ERIC Number: ED269888
Record Type: RIE
Publication Date: 1986-Apr-19
Reference Count: 0
Theories and Models as Metaphors: Building a Science of Supervision.
Sergiovanni, Thomas J.
Our ways of thinking about the world determine the methods we find useful for studying the world. These methods in turn determine what we learn about the world and therefore how we define reality. As aspects of cultural science, teaching and supervision should not be studied using methods suitable for the natural sciences--the cultural sciences are mind-dependent and the natural sciences are mind-independent. Teaching and supervisory practices should not be bound to single standards, since effective practice is responsive to its own context. Models of teaching and supervision should not be applied restrictively, but as metaphors enabling the user to see situations in a new light and apply the new knowledge to practice. Each model can open up a particular view of reality but in the process masks off other potential views. No model is exclusively true, and each model has worth that varies according to the goals toward which the model is applied. Models valuable for some purposes may be inappropriate for others. The selection of goals remains a matter of normative judgment. Models can be assessed in terms of their cogency and relevance, both of which may vary depending on the goals selected. A two-page list of references concludes the document. (PGD)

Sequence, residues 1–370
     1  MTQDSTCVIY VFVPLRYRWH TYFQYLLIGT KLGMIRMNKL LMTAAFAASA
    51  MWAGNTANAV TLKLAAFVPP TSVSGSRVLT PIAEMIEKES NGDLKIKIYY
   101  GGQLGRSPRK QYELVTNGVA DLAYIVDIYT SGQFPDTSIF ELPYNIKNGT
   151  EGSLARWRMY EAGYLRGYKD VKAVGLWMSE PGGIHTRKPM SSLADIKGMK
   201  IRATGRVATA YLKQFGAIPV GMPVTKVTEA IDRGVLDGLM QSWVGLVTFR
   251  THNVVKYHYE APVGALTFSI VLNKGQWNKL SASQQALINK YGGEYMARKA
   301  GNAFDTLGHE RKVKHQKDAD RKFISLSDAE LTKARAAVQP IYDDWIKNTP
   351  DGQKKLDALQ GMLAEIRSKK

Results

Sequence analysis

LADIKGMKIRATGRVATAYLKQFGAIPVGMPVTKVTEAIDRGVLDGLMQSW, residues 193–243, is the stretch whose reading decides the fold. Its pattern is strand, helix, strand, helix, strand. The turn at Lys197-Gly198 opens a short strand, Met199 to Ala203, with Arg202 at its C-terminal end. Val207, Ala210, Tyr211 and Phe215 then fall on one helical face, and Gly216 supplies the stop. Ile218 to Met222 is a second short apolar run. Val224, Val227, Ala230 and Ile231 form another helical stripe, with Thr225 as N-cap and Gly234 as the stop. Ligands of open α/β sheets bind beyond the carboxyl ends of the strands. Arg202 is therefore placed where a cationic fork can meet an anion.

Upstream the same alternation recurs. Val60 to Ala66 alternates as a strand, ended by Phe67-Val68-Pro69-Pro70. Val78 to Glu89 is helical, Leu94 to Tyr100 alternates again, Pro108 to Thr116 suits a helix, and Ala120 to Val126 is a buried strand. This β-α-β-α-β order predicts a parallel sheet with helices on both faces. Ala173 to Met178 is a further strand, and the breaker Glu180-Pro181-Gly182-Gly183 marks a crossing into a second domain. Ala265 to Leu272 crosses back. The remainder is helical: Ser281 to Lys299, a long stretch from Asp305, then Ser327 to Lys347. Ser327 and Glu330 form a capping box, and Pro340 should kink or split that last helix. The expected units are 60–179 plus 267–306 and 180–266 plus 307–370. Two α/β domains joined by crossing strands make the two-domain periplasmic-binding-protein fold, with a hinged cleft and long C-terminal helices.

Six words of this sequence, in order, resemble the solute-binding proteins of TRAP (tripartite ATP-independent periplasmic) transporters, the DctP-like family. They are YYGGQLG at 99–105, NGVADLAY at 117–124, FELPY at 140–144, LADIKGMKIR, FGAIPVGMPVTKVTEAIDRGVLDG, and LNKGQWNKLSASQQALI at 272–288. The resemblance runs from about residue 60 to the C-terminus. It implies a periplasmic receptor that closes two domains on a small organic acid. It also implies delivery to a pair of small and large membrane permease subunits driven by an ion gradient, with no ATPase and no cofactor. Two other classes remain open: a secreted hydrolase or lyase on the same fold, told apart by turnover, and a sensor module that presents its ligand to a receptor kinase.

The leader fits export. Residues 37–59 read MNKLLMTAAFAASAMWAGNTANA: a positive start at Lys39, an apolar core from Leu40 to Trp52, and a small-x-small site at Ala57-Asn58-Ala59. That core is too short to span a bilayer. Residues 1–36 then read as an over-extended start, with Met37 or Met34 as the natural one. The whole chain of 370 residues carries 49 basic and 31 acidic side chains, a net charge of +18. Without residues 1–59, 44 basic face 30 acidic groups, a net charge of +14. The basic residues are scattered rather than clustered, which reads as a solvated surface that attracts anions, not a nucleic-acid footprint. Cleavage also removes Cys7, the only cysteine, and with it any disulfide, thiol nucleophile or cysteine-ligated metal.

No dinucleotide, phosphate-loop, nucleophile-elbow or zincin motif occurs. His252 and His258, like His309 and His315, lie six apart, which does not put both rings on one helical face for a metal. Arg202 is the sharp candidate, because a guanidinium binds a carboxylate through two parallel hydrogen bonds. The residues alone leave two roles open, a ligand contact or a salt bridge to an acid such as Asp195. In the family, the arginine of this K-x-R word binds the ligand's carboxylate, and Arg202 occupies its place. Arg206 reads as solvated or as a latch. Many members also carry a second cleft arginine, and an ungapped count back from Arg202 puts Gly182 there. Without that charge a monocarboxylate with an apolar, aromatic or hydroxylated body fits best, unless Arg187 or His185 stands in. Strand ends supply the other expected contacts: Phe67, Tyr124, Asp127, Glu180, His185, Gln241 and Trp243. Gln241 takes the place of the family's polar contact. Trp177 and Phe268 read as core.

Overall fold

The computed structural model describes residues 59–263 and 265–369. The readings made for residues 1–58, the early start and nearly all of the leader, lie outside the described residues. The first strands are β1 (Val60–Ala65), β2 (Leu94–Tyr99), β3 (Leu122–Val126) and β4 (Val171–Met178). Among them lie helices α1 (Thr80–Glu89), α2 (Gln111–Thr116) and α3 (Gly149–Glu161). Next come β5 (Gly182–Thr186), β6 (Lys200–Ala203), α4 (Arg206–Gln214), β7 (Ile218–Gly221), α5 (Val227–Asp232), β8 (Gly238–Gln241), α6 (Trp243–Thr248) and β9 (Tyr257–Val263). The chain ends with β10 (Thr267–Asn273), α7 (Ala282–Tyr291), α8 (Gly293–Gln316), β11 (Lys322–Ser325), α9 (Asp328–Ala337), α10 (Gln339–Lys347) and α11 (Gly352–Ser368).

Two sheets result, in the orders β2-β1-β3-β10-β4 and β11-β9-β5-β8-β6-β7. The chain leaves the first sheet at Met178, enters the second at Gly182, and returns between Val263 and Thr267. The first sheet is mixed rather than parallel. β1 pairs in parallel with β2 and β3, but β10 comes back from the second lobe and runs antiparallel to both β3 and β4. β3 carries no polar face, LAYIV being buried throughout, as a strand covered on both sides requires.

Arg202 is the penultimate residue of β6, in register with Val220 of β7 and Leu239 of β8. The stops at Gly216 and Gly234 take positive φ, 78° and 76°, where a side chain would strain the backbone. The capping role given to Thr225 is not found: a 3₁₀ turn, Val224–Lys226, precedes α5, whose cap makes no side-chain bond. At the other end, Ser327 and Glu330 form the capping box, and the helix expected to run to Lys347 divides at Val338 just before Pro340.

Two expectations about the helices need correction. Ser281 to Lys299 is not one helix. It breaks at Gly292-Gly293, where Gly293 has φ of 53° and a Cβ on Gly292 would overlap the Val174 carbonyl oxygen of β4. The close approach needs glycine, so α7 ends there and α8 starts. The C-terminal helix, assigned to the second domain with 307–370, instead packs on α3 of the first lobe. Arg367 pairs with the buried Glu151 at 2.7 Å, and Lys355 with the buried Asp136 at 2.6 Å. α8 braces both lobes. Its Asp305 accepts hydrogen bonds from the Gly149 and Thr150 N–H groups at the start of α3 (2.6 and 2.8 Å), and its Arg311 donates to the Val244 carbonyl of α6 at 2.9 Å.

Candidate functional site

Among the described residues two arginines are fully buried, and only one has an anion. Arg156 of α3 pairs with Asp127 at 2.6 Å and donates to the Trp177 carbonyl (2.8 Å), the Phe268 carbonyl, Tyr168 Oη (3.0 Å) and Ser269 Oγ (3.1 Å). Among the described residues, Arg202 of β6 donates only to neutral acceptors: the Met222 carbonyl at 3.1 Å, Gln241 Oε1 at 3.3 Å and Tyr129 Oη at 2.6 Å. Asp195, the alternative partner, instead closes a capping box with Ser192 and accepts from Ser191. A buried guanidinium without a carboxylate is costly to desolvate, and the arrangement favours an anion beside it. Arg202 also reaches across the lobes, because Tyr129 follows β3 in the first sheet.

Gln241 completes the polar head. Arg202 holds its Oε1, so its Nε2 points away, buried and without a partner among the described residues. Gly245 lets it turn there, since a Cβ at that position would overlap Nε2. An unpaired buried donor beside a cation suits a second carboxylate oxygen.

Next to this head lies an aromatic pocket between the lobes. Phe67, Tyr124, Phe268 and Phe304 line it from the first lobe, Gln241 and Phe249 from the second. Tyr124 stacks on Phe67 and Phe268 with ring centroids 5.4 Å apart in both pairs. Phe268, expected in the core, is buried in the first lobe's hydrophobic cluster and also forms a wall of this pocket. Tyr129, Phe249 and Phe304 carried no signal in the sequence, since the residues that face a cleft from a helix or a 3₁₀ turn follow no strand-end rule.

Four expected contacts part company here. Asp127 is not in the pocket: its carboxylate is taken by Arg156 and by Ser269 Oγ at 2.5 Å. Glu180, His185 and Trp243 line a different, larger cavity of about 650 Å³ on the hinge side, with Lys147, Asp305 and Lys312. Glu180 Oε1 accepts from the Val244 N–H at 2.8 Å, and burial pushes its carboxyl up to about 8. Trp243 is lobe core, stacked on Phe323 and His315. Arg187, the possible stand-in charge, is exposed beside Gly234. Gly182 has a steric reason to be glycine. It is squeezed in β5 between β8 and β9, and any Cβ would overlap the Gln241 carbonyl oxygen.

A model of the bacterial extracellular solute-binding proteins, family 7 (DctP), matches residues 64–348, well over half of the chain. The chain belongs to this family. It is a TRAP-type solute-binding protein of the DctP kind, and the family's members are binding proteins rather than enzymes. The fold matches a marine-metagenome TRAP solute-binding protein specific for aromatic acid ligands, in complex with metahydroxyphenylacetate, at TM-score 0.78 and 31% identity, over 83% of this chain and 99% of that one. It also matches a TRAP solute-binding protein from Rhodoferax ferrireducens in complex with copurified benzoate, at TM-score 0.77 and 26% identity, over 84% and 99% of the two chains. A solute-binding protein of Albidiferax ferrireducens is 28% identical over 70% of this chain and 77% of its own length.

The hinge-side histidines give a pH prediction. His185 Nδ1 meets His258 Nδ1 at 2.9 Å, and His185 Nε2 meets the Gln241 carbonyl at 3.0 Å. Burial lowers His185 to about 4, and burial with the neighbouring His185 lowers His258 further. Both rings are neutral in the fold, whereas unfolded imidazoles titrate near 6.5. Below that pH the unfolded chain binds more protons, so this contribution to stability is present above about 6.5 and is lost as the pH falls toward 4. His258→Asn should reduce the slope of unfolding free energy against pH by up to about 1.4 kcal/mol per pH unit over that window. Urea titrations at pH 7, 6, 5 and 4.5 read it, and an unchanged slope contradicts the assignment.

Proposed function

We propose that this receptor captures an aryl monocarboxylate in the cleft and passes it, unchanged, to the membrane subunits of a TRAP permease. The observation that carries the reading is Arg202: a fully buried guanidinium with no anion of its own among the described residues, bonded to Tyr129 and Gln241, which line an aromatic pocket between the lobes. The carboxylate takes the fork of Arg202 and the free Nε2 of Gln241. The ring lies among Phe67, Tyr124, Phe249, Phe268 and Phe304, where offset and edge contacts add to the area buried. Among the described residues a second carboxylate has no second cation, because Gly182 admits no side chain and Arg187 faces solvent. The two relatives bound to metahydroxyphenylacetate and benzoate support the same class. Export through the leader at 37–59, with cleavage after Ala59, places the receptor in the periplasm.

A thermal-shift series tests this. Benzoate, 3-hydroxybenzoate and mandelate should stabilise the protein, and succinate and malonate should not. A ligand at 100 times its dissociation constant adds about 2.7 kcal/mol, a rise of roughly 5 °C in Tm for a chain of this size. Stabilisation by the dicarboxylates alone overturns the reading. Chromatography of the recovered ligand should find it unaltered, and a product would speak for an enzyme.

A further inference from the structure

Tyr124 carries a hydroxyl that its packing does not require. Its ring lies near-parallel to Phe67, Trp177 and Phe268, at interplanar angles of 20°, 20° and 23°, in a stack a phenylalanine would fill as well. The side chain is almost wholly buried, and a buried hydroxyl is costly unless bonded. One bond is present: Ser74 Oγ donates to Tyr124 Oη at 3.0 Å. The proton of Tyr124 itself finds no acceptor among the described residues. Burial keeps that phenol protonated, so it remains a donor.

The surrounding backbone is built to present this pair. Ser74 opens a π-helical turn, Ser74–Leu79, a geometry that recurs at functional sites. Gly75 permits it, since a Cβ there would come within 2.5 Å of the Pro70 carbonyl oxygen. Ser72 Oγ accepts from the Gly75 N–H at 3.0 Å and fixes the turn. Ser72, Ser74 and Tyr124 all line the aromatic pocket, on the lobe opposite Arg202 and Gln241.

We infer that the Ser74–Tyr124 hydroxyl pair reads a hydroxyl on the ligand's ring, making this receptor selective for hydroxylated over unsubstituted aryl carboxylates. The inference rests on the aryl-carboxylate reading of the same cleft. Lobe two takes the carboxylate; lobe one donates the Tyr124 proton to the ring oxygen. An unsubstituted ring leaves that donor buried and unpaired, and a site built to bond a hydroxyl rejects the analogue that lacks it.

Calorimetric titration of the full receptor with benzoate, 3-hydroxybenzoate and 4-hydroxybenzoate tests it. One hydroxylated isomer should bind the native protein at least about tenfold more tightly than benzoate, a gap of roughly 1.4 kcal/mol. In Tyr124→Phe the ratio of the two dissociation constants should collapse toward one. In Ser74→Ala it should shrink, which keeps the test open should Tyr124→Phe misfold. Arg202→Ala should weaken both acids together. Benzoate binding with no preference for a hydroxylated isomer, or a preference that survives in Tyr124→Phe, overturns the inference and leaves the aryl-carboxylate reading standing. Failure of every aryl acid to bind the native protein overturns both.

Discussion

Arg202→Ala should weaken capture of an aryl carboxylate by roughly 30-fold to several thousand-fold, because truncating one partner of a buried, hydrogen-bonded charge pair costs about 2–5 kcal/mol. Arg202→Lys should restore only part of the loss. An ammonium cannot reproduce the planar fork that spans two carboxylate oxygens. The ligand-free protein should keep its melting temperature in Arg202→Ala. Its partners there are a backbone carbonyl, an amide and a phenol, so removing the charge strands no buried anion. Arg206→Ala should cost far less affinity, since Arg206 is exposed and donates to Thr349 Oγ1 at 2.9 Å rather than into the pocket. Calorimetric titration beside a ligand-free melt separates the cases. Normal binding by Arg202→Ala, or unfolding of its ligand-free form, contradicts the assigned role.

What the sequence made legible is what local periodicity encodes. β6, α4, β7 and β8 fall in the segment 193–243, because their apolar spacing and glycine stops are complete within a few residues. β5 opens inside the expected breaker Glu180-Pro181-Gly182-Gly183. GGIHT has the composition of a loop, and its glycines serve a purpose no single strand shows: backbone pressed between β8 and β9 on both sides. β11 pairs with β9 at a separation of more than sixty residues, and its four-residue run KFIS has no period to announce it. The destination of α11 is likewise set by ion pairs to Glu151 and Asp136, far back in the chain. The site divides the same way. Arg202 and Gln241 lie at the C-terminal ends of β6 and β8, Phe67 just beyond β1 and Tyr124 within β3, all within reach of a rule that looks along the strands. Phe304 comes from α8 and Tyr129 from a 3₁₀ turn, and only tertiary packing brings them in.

Publication Type: Opinion Papers; Speeches/Meeting Papers
Education Level: N/A
Authoring Institution: N/A
Note: Paper presented at the Annual Meeting of the American Educational Research Association (70th, San Francisco, CA, April 16-20, 1986).